The game starts off with a cinematic of a silver-masked man getting a mysterious item from a hooded stranger on board a sailing ship. You, the player character, are also on this ship. The ship crashes on the shore of an unknown magical island and most of the crew are killed. You, the player, must fight evil corrupted zombie crew-mates and make your way to civilization, where friendly townspeople will give you tasks to go kill wildlife, chop down trees and hit rocks, and join one of three indistinguishable factions.
And that’s basically it.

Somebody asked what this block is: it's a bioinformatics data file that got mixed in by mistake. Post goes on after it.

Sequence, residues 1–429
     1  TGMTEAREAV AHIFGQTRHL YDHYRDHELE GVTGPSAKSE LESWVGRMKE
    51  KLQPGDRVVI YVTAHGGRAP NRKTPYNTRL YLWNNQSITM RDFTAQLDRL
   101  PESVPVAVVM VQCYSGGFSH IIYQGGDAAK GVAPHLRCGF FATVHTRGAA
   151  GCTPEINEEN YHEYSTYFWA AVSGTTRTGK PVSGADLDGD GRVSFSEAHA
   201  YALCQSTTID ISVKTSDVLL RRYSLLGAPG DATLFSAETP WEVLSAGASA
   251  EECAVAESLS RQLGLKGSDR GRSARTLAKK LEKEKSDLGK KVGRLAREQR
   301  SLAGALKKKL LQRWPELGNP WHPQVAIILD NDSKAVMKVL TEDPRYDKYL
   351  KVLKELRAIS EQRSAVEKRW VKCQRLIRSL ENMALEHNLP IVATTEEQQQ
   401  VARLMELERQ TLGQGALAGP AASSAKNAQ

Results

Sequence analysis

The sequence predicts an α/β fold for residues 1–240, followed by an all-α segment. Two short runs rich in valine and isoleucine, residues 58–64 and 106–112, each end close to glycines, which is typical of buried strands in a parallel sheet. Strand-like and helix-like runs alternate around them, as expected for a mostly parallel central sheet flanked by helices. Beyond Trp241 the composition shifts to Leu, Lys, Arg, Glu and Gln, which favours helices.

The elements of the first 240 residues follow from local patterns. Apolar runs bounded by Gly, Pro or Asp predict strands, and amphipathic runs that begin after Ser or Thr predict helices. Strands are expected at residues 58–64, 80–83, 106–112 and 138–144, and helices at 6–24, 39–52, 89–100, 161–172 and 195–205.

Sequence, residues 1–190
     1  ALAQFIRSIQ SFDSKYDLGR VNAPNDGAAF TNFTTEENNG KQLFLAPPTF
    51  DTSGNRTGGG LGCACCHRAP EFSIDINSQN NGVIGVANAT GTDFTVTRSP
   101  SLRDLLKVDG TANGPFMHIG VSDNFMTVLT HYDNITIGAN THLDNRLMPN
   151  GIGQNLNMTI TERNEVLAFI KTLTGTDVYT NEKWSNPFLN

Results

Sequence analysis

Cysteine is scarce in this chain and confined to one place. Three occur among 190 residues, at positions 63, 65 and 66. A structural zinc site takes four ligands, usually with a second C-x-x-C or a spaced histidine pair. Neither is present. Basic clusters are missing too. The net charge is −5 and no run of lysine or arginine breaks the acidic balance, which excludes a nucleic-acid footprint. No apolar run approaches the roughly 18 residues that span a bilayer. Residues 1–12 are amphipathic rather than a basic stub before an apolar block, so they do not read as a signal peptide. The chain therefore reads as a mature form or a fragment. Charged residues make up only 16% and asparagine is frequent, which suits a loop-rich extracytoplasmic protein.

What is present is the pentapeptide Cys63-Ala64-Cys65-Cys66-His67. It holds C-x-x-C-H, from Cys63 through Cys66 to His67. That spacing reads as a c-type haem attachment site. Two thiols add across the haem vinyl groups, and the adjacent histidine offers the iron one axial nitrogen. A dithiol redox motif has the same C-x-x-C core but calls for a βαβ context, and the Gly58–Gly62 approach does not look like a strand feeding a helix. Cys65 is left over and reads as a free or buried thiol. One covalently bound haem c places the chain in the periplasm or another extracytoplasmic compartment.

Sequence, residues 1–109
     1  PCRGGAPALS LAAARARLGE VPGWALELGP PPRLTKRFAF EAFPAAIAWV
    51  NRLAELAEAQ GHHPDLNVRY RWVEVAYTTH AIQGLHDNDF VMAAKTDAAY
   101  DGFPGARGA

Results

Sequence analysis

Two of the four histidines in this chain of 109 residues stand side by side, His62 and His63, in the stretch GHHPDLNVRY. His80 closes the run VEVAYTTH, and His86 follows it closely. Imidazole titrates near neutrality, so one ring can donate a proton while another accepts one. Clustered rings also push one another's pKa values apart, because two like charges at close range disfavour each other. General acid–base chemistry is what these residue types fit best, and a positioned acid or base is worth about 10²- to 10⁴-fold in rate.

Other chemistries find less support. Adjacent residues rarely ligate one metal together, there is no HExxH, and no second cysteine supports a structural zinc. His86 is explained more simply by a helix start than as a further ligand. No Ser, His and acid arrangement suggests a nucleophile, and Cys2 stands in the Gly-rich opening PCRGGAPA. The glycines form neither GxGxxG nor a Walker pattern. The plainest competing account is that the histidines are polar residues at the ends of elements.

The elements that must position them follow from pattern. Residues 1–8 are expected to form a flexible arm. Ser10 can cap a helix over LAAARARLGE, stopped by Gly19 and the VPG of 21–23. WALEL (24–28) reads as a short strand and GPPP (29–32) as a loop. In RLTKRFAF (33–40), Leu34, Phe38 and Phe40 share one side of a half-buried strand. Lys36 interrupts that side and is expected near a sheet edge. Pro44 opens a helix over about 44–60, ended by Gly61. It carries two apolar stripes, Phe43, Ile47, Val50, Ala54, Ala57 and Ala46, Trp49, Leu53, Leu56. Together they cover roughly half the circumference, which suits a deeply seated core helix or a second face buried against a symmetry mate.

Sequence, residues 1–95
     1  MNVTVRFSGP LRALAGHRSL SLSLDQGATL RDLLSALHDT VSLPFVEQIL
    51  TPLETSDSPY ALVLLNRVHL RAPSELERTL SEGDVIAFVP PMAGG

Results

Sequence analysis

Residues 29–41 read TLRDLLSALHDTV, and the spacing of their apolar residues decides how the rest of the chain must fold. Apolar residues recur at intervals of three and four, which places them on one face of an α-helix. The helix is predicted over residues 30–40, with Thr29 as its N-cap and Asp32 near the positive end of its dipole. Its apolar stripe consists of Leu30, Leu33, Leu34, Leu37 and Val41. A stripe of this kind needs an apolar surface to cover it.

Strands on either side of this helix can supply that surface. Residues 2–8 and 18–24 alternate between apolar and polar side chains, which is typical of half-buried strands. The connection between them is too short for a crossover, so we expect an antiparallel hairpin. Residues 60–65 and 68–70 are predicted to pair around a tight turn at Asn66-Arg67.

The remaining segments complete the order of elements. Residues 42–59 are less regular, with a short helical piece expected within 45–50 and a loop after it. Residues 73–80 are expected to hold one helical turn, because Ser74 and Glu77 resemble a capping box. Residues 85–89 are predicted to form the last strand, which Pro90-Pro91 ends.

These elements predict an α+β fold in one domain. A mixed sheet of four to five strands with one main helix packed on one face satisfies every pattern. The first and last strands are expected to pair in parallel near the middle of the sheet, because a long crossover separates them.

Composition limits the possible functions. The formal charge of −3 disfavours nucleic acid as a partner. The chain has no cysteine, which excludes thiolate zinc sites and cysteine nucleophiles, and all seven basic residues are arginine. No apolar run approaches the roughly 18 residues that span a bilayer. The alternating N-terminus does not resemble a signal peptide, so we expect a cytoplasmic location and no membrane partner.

It’s not clear what anyone’s ultimate objective is on this magical island, where some people (the players) can never be killed and others turn into generic zombies. Leveling up and looting treasure, sure, that’s a given. But to what end? Perhaps there’s some Big Bad Boss lurking out there that you’ll eventually have to team up to defeat, but there’s no evidence of this in the first twenty hours of play. And the factions that you join don’t seem to matter at all. Join one, and you’ll get a yellow, green, or purple icon above your head, and can participate in massive battles (that don’t happen in the main world) that can maybe swing the affiliation of a sector of land towards or away from your faction. But since anyone can walk into any town that has any color of banners flying from the rafters, why should the player care? My starting town switched factions twice since I began playing, and it didn’t seem to affect any of the non-player characters (NPCs) or the quests they gave me. It doesn’t help that every city has an identical layout, either.